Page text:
It’s Halloween night – where do you go? Stay in the borough or head to one of the neighboring sub-divisions? Location is critical when it comes to a successful Halloween so best to start planning now.
First we must establish some ground rules on which to judge the competition. I do believe that even a completely unscientific and somewhat arbitrary analysis should have at least a few criteria against which it is measured. Here are my Halloween basic requirements.
Criteria for a Good Trick or Treating Neighborhood
- A large percentage of participating houses. There is nothing worse on Halloween night than passing house after house trying to find that one home with a light on. You can just feel those precious minutes ticking away as you hurry down the desolate block. Darkened streets are a definite sign to turn in another direction but to be a place of legends living on in the retelling of Halloween’s past, you will have to move past basic passing out of candy. To really elevate your neighborhood you’ll need elaborate decorations, smoke machines, and eerie music.
- Safe environment, minimal traffic. Basic but key. The best trick and treat areas are well-lit and shielded from heavy traffic. Probably why sub-divisions and cul-de-sacs get slammed on Halloween night.
- Quality candy game. You live on the perfect dead end street, your neighbors’ have staged a reenactment of Nightmare on Elm Street in their front yard. Want to clinch this thing? What are you handing out? I know it’s a catch 22. You meet location requirements one and two and you’re likely to be slammed with kids so unless you’ve started a savings account to support you Halloween activities you may find yourself handing out Tootsie Rolls 20 minutes in after burning through your grade A candy. But I never said winning this game was going to be easy.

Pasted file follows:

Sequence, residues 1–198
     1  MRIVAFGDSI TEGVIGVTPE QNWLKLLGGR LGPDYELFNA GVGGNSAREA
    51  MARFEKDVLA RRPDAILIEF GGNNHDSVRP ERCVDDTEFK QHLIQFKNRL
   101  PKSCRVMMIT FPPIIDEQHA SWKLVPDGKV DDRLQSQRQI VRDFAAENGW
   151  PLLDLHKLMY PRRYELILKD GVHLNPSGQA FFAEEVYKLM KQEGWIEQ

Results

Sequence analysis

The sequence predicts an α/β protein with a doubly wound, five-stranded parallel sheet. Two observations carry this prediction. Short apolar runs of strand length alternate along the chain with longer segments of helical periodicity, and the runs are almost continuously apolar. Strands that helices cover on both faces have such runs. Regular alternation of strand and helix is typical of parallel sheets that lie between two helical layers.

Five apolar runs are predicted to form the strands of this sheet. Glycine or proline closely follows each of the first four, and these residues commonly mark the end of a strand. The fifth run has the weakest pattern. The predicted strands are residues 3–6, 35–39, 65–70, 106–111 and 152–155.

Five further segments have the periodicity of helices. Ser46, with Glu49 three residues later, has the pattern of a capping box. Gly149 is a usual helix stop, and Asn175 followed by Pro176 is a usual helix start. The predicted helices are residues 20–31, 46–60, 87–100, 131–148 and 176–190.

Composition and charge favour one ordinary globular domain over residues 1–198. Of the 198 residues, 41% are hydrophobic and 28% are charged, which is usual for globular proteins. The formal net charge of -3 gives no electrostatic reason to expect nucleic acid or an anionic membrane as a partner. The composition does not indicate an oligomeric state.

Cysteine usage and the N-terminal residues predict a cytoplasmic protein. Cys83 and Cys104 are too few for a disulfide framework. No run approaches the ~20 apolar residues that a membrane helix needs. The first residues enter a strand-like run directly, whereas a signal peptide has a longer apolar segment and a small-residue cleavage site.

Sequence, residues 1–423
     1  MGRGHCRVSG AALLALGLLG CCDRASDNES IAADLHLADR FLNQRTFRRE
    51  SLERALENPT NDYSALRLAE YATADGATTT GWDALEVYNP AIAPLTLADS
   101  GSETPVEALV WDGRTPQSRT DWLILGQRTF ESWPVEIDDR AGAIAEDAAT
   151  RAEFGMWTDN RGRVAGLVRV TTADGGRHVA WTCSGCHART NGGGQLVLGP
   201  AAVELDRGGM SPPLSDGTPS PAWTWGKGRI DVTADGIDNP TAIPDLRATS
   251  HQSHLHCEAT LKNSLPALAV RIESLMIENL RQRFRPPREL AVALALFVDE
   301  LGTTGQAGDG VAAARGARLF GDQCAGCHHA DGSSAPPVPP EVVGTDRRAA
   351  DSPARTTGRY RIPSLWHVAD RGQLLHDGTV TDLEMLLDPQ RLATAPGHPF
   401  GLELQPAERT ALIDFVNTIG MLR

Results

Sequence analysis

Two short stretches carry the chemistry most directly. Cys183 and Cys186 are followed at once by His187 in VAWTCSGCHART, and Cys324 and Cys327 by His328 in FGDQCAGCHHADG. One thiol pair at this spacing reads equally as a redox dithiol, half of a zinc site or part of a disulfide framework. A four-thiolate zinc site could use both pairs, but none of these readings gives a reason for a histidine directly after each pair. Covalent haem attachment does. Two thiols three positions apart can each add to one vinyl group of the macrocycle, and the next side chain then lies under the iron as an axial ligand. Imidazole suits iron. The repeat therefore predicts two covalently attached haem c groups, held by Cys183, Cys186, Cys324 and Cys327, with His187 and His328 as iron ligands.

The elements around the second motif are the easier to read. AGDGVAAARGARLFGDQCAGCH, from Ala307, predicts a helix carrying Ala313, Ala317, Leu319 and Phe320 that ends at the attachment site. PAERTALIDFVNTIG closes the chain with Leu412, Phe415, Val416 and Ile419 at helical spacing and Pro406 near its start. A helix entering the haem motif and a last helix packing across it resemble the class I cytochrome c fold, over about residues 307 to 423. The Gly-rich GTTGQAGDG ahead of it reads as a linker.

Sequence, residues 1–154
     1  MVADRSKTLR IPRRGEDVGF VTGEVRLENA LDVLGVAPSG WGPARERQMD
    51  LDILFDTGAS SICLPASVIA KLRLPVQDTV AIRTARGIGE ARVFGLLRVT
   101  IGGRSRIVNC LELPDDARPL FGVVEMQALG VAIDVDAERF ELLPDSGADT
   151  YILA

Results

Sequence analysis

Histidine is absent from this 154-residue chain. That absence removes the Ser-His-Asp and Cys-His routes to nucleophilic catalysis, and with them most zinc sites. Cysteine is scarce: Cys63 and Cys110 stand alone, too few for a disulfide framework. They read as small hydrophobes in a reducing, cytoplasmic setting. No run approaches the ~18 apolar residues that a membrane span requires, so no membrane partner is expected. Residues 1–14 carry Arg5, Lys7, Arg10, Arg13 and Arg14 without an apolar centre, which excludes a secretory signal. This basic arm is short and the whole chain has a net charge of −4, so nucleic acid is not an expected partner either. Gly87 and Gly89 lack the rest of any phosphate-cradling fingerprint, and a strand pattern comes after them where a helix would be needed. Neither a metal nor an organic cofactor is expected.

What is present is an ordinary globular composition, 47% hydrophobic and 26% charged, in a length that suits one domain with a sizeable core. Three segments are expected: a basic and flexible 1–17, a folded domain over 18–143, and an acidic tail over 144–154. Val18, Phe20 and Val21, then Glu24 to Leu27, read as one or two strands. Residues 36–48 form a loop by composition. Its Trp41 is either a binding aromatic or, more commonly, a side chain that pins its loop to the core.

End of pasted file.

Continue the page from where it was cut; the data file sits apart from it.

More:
So, where is the best place to trick or treat in West Chester?
My completely unscientific winner:
West Dean Street. First the street is quiet, it’s a one way and most of the traffic skips right over on their way to Price Street. Second, the homes are close together. A lot of blocks are made up of twins or row homes so you get two pieces of the candy for the price of one walkway and the participation rate is really high. Plus, home after home is more decorated than the next. Last year, one unforgettable home offered full sized candy bars to any kid brave enough to reach the front porch. These are the streets holiday lore is made of.
Do you agree? Where’s your favorite neighborhood to trick or treat?